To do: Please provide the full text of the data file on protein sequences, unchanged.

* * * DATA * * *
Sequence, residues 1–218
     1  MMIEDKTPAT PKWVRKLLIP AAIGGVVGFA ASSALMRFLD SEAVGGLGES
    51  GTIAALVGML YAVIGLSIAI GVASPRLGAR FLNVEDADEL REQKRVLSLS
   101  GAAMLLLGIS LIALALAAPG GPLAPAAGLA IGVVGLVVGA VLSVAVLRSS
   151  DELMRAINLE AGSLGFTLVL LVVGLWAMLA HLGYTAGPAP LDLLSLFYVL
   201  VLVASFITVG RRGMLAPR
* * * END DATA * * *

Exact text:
Sequence, residues 1–218
     1  MMIEDKTPAT PKWVRKLLIP AAIGGVVGFA ASSALMRFLD SEAVGGLGES
    51  GTIAALVGML YAVIGLSIAI GVASPRLGAR FLNVEDADEL REQKRVLSLS
   101  GAAMLLLGIS LIALALAAPG GPLAPAAGLA IGVVGLVVGA VLSVAVLRSS
   151  DELMRAINLE AGSLGFTLVL LVVGLWAMLA HLGYTAGPAP LDLLSLFYVL
   201  VLVASFITVG RRGMLAPR